The uncertainty around Brexit is helping to fuel big drops in some new executive-car buying – with a number of premium marques down significantly so far.
Our analysis of new-car registrations (to February 4) shows posh cars have been among the hardest hit – in percentage terms at least.
Several factors are being attributed:
* The deepening concerns about the Brexit scenario – executives/companies are uneasy about committing to buy until the dust settles.
* People are buying fresh secondhand premium imports instead of new vehicles on the home market and are being perceived to save a lot of money in the process.
* Restoration by some marques of prices from previous discounts which were designed to hold market share in the face of burgeoning imports over the past few years.
* Shortage of stock, especially of bigger-selling models, due to production schedules and demand elsewhere.
* Some marques are caught between the runout of older-model lines and an influx of brand new ones this spring and summer.
* Traditionally, some executive brands are ‘slow starters’ and can be expected to pick up momentum.
But such a low-key start to the year makes recovering lost ground and attracting more buyers all the more difficult.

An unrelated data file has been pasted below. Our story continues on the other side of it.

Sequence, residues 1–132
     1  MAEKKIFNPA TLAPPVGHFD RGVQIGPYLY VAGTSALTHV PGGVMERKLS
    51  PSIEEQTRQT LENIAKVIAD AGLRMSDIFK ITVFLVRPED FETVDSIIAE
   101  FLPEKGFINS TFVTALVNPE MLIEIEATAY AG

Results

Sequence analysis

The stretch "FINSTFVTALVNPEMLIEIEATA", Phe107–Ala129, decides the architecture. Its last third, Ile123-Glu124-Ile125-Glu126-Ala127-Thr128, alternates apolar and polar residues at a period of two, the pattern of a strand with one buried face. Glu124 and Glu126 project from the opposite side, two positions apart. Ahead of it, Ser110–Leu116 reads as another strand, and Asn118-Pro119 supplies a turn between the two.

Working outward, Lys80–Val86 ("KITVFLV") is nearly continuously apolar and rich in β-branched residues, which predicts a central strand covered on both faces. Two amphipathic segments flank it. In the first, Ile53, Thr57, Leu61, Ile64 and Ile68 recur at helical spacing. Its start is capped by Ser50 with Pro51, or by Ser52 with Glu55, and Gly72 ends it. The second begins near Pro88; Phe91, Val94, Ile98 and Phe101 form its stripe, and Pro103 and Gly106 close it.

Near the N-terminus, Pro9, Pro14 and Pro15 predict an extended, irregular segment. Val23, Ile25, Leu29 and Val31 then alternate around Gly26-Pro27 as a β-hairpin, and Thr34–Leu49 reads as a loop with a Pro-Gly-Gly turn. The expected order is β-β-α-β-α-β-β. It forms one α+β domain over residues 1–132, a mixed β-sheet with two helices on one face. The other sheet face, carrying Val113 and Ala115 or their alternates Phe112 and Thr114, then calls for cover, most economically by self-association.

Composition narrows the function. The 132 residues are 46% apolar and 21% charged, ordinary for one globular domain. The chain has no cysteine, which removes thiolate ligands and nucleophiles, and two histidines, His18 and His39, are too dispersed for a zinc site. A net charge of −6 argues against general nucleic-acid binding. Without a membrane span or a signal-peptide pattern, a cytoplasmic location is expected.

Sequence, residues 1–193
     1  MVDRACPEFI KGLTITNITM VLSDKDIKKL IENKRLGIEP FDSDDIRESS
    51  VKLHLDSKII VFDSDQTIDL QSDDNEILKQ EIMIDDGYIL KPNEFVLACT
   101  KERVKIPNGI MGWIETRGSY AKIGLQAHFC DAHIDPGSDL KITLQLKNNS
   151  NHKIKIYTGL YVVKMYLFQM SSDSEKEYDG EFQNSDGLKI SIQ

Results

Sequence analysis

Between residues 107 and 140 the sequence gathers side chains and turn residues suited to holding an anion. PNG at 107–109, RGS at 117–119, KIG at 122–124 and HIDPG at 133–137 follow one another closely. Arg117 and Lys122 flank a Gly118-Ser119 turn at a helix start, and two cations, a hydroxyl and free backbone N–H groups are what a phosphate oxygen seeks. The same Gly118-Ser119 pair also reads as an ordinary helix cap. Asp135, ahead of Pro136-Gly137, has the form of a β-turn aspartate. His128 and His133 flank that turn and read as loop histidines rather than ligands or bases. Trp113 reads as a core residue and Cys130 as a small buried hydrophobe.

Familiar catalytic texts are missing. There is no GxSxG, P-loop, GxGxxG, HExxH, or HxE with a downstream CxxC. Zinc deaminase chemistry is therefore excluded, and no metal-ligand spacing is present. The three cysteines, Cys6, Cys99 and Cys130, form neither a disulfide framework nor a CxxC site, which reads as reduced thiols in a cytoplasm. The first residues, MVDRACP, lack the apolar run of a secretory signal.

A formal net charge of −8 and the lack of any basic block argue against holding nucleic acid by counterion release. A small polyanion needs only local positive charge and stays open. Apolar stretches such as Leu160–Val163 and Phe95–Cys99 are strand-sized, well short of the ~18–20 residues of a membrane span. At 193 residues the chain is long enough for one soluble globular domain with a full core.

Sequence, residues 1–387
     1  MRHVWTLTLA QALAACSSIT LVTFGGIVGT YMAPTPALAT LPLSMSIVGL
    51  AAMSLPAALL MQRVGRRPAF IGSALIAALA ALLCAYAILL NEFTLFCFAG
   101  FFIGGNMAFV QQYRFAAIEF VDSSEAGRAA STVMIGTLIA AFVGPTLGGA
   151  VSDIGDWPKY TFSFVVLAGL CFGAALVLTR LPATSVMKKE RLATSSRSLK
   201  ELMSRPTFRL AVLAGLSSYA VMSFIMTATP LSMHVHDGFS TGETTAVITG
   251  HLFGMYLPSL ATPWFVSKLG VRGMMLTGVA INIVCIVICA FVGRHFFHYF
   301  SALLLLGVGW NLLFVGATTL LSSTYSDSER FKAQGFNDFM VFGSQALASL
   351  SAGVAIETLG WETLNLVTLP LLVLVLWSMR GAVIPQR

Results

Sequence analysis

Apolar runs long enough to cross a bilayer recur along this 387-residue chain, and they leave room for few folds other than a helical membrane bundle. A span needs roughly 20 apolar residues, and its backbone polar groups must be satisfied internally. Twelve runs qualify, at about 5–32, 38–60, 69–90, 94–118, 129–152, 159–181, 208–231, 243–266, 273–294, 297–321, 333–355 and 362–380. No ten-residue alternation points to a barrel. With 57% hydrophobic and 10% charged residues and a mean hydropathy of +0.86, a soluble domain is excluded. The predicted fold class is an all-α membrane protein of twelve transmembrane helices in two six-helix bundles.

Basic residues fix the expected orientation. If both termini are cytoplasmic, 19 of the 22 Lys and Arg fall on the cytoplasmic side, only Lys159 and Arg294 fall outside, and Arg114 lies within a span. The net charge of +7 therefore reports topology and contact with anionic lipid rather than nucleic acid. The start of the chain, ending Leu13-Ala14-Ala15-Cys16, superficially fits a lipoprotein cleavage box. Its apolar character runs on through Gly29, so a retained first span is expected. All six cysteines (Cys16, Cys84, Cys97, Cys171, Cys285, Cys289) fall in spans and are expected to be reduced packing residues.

That is especially the case as buying a UK import is regarded by so many as such an easy and attractive option and has become part of the Irish market system now.
A number of mainstream marques are down too, of course.
Even some of those doing relatively well have suffered small percentage drops for one reason or another in what is, after all, a shrinking new-car market. There are predictions of 110,000 registrations for all of 2019 – a drop from 125,000 last year.
But some of the more dramatic falls focus on the executive sector. On the face of it Mercedes is hit hard with a 43pc dip compared with the corresponding period for last year.
However, they have a wave of new cars coming in the near future which they will expect to bolster sales. But, as January usually accounts for a quarter of sales for the year, it will involve a big turnaround.
Audi new-car registrations are down 21pc, with BMW dipping 27pc. Porsche, meantime, have several new models due and are confidently forecasting more buyers than last year despite being 86pc down during the early stages of 2019.
In that context, Lexus is faring well with just a 9pc drop on a market that is down 12.5pc for January. Tesla’s statistics reflect that most accurately with a 12.5pc decrease in its registrations. Jaguar, meantime, are just 2.2pc down.
Statistics don’t convey the real picture in many cases. The 50pc increase in Bentley sales makes a total of three models sold.
And there are some substantial gains – such as Land Rover’s 20pc increase and Volvo’s 11.8pc.